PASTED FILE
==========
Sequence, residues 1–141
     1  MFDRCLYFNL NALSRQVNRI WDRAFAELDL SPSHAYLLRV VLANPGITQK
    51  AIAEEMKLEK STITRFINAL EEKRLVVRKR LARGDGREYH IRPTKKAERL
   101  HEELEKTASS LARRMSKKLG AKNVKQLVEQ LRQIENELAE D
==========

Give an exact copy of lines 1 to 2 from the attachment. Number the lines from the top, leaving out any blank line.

Sequence, residues 1–141
     1  MFDRCLYFNL NALSRQVNRI WDRAFAELDL SPSHAYLLRV VLANPGITQK